The 2019 CO2 & ROZ Conference Planning is well underway with anticipation of another full house with great speakers and technology-rich material. The Conference will begin on Monday morning, December 9th in the sparkling new Bush Convention Center in downtown Midland. Monday is devoted to the Carbon Management subject and all the new thinking related to CO2 capture and geologic storage. 45Q tax credits are taking center stage with project planning – some even very large 100 million to billion-dollar projects needing to capture their emission streams and find a subsurface storage site for capture streams.
Tuesday will feature an all-day CO2 field trip. Early thinking has targeted the SACROC flood and surface facilities operated by Kinder Morgan CO2 about 90 minutes east of Midland. This is the longest-lived CO2 flood in the world and is still making >28,000 barrels of oil per day (bopd) and storing huge volumes of CO2 while doing so. The recent recognition of a thick zone of residual oil beneath the field that contains as much as 2 billion bo promises to make the project continue another 10 years on top of the 45 years of CO2 injection to date.
The organizers of the Conference are extremely excited to present on Wednesday, Dec 11th, the first-time airing of a short course on the subject of natural and induced transmissive fractures. The evolution of horizontal well drilling technologies has illuminated a 100 fold increase in the ability to both detect and witness the effects of the fractures on well production. High water cuts, altered properties of the oil, and sour oil and gas production are just three of the effects of stimulating into the fractures. The diagnostics used to detect the fractures will be addressed along with 5-7 case histories from the Permian Basin and around the world will be part of the full-day agenda. Vertical natural fractures have generally gone unnoticed in the age of vertical wells so insights as to their occurrence, properties and effects are now available for the first time today.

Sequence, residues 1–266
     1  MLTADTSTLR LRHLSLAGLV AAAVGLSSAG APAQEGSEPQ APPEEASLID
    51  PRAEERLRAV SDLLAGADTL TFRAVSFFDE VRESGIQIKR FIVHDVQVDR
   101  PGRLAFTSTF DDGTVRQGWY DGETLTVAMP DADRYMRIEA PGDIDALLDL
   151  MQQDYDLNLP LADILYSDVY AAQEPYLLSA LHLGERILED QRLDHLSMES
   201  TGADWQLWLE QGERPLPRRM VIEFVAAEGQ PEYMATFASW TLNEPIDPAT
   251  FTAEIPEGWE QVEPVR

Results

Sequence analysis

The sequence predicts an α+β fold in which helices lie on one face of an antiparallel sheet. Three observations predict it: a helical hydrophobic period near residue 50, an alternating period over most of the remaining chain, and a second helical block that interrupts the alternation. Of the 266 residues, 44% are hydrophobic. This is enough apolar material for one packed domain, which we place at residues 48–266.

The Thursday and Friday morning sessions will again provide the ever-popular focus on International and U.S. CO2 EOR case histories, as well as update folks on the 650-well horizontal ROZ, play in the San Andres formation of the Permian Basin. These sessions are unique in that they offer field best practices for the design and execution of new and expanding flood opportunities.
A summary of the events is provided in the graphic below.